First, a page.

The most painful things about recessions, for those of us who still have jobs, are the forced choices.
What do you hang on to, what do you discard? It is as if your life has become a giant house clear-out. Newspaper subscriptions? Out.Listening to the radio in the bath? In. Weekday “business lunch” with SPD guru? Out. Pudding bretzel at the baker in the morning? In. Cinema? Out. DVDs? In. Steak?Out. Mincemeat? In.
Now here comes the tricky one, a call from the gym reminding me that it is time to renew my membership.
In or out? This is of course not just a recession-question. I have been feeling like an alien in the gym for some time, as if I have strayed by mistake into an Amazon village, but I have clung on to membership out of the usual anthropological reasons. Why do Germans feel that it is a basic, almost Grundgesetz-grade human right to stretch their muscles and then march about naked in the changing rooms? I blame Turnmeister Jahn who made it seem like a national duty. But of course times have changed a little: there is no such thing as responsibility to the German nation anymore, only to ones individual well-being.
That is why, during the good years(as we know have to consider 2005-8, though God knows I was broke then too), gym membership ballooned in Berlin and throughout Germany. As did the number of Thai, Chinese and Aryuveda massage joints. Anyone with a Wellness Centre business plan could pick up a loan. A better body was somehow linked to the potential for ever-higher earnings. A born-again Turnmeister Jahn would probably have a figure-hugging t-shirt and a plastic name tag saying ” Your Personal Trainer Freddy”. And he would have to shave off that beard.
So, my instinct is to say no thanks to the gym. Human muscles are interesting(vaguely) but not half as interesting as human brains.In bad times–you ask any bear–it is better to accumulate fat and hibernate. The challenge of an economic crisis is not to build up your abs and pecs and your body mass(just think how much more you have to eat to sustain that) but rather to relax tense muscle.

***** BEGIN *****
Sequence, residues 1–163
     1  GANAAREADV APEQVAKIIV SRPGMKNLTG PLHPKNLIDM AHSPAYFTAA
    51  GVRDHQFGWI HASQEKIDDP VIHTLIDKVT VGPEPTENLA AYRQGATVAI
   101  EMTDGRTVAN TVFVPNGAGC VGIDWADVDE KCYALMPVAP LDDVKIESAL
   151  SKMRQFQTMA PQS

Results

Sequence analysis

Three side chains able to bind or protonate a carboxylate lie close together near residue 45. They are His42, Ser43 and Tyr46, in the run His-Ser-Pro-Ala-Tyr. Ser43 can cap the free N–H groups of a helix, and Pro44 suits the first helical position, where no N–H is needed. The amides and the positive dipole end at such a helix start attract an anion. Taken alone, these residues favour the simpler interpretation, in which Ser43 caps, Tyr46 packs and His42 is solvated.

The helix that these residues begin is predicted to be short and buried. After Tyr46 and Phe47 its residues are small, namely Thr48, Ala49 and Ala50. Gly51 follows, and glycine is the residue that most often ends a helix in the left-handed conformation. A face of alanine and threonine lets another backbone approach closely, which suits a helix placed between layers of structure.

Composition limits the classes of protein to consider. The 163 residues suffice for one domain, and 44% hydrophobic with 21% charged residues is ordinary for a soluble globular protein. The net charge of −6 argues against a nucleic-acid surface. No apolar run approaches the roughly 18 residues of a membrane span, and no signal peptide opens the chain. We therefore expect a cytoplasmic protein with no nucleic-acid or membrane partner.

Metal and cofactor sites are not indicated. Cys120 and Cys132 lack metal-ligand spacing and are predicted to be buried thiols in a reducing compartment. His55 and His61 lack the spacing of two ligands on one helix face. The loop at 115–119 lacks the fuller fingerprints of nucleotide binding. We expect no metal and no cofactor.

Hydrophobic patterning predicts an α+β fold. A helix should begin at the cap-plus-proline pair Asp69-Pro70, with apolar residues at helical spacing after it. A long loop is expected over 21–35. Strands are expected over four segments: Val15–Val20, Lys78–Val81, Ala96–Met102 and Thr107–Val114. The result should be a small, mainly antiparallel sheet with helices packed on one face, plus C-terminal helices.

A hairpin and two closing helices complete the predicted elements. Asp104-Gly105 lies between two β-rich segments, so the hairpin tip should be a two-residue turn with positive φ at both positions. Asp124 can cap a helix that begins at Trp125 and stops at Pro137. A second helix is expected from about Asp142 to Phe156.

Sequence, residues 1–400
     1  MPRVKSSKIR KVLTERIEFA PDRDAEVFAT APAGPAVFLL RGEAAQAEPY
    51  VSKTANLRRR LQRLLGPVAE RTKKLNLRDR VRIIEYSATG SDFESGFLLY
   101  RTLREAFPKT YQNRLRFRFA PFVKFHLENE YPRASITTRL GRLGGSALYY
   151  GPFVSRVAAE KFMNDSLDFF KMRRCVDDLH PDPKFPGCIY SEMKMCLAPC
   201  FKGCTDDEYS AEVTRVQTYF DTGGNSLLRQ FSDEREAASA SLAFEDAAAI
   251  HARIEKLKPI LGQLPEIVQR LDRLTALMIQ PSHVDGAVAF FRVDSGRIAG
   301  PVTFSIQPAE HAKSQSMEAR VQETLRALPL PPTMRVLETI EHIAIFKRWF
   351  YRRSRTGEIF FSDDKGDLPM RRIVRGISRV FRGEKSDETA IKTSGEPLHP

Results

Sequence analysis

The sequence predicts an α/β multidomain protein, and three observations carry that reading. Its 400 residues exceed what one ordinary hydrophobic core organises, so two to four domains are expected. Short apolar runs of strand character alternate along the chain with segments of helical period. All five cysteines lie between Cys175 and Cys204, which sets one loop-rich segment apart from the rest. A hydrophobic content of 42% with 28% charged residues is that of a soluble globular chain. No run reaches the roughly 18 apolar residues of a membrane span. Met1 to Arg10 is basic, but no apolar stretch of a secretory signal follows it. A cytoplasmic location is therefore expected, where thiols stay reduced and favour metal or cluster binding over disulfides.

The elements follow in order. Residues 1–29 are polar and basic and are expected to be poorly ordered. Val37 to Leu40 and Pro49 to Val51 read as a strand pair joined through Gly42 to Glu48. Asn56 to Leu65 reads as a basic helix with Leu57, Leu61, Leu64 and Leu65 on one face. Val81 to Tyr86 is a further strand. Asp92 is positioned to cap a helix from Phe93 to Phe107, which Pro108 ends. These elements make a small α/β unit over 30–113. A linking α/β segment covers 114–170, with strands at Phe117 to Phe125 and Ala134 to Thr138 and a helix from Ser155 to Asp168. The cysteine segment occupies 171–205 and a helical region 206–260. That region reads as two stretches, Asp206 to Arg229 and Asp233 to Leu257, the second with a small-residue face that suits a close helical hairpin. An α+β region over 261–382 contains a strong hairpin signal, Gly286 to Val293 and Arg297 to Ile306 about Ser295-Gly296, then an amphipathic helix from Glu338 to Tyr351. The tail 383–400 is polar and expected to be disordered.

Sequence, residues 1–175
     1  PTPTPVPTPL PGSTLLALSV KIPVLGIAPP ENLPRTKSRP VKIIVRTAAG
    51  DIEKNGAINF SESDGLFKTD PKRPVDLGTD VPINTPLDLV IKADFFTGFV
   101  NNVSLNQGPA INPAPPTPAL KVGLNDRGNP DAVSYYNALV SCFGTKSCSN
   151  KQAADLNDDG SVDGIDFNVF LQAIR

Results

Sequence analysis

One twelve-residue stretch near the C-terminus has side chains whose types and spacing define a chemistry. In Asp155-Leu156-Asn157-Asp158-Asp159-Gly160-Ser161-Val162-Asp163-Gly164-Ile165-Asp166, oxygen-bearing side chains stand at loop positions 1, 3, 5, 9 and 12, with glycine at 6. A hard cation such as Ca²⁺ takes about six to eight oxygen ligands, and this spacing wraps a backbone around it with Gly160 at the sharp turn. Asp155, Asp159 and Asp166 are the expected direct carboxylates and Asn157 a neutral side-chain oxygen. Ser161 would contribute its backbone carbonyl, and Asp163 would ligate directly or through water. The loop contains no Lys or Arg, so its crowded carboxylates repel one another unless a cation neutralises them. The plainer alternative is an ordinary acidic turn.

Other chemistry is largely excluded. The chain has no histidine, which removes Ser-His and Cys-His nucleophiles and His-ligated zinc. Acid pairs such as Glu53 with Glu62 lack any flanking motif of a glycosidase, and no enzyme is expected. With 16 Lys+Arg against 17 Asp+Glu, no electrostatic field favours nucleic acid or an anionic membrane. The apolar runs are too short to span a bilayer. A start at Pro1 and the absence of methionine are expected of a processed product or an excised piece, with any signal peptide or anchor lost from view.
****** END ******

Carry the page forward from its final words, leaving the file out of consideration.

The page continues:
Doctors report a rapid increase of patients with headaches and migraines that stem from scrunched up nech and shoulders, often a direct result of conversations with ones tax adviser(yes, it is that time of year again).
Conclusion: use the cash saved by cancelling gym membership to pay for massages, forget the collapse of capitalism for an hour and stop sweating on the treadmill.
This is not, admittedly, a perfect solution. I visited a (respectable) Thai massage parlour on the Kantstrasse last week and found the team more interested in a YouTube report on the Bangkok unrest than in my frozen shoulder. The masseuse was angry presumably because her side was losing in the revolution.
“Must be good to have a revolution where everyone wears either a red or a yellow shirt,” I said, trying to look on the bright side of things, ” a bit like a football match with tanks.”
“More complicated, ” said Som in her evening-school German. She pressed hard on the shoulder blade and I squawked. ” You very verspannt,” she said.
But it could have been worse. I could have been on the table of Dr Dot. Her real name is Dorothy Stein but she had been called Dr Dot ever since she sorted out Frank Zappa’s back.Since then she has become the big celebrity masseuse–her clients include Sting, Mariah Carrey, Lauryn Hill and Bruce Willis–and whenever a rock group performs in Berlin they come to her for treatment. She has a global following but of course almost nobody knows here in Berlin; the charm of the city is its sheer inability to recognise international stars unless they are spotted coming out of Borchardts. Brad Pitt and Angelina Jolie thought the fact that they could walk down the street like normal people was a sign that Berliners were cool, insouciant.In fact, Berliners are simply short-sighted. As a result Dr Dot–though she writes a very energetic sex column for the excellent English-language magazine Ex-Berliner–lives in the city almost anonymously until one of the Rolling Stones hurts one of his ageing joints.